My mind might be getting faulty but doesn't the FICM only control the Injector transition and provide additional switching to handle the increased power requirements for the CNG injectors? I seem to recall the module was mounted on the firewall---follow the CNG injector harnesses and you should be able to find it. I think when the transition to CNG was complete a pulse was sent to a fuel pump control module to turn off the gasoline pump. This module also was involved in providing a priming of the gasoline injectors prior to changeover back to gasoline from CNG. If you have a "nice" Chevy dealer, he can print out a sheet that will detail the operation of the CNG system along with a chart of the location of all the various modules in the vehicle. There is also a troubleshooting guide available to be used by the service techs in diagnosing problems in the system. It's worth a try.

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              • #8
                Thanks for the info sia47. I did get it back on the road after putting a new pump in. While I had the tank out I went through the wiring harness and found a 7 wire connector under the cab that when I unplugged it showed being somewhat burnt around one pin and corresponding socket. Turned out to the heavier gauge ground of the 2 grounds in the group of 7. So I replaced the connection of just that one with a weather proof connector. Runs great and starts up faster than it did before. Should do the trick, I hope. I also went to my local CNG station an filled up then came home and put the pressure gauge on the gas fuel rail and everything is working as it should thank god. Thanks to everyone for their input. I was definitely stressed over it for the 2 or 3 days.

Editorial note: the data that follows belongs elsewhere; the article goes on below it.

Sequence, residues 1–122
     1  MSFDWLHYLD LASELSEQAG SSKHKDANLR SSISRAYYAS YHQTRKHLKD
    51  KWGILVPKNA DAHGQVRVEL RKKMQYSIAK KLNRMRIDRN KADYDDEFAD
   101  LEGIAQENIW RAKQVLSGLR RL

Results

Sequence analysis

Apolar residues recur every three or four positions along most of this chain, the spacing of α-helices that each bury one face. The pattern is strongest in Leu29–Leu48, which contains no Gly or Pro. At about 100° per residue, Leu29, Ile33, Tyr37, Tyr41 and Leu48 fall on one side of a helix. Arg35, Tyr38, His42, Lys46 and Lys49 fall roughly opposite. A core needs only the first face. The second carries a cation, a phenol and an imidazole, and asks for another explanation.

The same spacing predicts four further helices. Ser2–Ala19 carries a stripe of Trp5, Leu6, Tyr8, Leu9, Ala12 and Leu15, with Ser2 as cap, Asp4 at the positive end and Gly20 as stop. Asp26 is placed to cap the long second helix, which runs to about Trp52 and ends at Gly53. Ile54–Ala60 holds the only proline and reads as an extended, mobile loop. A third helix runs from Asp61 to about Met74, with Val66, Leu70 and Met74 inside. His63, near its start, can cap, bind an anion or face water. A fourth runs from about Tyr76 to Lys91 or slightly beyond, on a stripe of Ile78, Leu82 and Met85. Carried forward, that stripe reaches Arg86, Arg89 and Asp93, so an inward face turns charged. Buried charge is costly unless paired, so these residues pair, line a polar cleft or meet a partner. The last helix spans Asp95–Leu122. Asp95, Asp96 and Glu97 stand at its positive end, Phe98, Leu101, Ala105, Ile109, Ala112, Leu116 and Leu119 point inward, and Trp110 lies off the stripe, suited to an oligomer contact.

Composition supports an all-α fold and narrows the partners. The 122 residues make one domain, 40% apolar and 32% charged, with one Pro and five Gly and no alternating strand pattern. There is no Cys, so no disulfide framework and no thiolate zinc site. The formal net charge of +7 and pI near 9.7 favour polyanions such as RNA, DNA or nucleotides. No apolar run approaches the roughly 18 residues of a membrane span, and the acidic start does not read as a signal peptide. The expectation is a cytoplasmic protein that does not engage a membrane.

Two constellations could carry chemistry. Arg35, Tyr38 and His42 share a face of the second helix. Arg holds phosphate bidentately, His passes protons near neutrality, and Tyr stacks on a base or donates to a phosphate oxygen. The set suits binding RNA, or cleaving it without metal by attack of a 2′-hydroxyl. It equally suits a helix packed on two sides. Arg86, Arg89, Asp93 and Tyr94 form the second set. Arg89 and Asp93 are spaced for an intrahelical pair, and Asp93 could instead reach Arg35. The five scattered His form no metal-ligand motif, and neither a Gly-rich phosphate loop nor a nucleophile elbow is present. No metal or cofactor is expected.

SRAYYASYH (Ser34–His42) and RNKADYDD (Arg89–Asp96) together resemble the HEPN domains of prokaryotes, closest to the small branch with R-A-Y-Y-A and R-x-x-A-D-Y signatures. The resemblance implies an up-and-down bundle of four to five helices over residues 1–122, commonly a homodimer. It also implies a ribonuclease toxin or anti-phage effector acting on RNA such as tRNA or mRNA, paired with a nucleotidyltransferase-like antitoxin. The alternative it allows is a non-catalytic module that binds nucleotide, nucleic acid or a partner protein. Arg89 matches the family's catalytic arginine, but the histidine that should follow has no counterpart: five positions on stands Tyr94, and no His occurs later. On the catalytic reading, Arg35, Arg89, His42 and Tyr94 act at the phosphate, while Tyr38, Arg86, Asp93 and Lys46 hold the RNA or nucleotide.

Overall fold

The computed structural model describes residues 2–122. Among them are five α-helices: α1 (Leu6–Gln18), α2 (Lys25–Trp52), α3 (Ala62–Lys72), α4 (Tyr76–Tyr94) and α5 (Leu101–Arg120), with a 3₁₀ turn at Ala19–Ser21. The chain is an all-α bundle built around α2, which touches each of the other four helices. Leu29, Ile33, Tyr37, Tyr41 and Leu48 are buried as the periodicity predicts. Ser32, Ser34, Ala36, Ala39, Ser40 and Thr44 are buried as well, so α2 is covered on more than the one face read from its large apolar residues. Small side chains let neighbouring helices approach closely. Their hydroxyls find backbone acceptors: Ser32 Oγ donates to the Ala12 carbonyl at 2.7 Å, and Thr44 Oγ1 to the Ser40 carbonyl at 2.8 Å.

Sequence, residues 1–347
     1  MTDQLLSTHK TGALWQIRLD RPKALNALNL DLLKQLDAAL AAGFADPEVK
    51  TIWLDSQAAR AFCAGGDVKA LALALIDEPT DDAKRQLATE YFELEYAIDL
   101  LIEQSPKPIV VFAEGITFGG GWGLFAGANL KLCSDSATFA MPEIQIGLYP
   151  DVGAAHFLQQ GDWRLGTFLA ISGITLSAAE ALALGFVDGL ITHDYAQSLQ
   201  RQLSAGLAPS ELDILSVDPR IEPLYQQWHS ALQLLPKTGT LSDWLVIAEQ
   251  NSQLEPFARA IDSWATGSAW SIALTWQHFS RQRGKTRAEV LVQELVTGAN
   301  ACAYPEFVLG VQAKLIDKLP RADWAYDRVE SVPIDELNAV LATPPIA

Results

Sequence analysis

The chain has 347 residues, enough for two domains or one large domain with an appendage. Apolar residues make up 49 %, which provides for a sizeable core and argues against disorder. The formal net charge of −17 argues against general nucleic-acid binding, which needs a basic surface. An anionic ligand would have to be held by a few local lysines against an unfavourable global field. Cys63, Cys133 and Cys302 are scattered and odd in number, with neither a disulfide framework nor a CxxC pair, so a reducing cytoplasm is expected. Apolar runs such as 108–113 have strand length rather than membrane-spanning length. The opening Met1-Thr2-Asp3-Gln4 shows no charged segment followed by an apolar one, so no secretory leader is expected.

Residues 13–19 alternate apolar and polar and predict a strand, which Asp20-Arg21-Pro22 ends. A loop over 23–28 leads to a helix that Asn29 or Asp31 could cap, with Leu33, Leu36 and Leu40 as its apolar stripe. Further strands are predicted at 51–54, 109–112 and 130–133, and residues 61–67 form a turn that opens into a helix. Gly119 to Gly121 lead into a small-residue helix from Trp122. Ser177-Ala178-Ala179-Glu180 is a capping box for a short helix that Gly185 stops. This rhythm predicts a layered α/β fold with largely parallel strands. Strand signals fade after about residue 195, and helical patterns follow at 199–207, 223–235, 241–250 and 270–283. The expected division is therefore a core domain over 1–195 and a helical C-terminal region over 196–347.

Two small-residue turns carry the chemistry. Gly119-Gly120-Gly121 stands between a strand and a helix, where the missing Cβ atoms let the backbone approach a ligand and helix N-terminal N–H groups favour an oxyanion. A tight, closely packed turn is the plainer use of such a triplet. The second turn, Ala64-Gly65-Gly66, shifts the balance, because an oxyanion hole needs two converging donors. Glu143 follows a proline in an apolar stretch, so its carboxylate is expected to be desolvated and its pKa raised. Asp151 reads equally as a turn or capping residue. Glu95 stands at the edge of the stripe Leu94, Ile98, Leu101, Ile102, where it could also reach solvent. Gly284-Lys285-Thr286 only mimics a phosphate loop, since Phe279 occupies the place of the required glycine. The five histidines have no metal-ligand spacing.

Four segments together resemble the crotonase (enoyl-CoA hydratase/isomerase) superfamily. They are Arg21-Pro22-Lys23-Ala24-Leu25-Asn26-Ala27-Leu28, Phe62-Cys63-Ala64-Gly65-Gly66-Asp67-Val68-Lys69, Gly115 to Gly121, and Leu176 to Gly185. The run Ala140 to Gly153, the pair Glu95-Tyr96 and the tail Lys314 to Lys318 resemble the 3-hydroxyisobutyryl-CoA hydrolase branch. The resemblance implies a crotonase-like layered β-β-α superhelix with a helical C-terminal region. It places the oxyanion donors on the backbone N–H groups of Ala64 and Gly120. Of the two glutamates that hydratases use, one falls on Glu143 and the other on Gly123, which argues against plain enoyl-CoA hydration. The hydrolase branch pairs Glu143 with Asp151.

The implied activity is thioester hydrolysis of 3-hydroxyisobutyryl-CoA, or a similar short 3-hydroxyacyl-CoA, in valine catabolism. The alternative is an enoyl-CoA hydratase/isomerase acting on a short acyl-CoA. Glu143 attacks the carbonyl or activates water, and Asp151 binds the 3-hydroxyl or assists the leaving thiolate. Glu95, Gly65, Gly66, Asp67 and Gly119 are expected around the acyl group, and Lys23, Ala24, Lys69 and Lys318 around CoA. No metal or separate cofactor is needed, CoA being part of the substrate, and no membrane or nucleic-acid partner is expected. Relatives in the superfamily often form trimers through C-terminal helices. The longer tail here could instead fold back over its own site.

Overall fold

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                • #9
                  Even though it pulls a little slower on CNG it is what I will be running to pull my trailers this year with gas prices on the increase.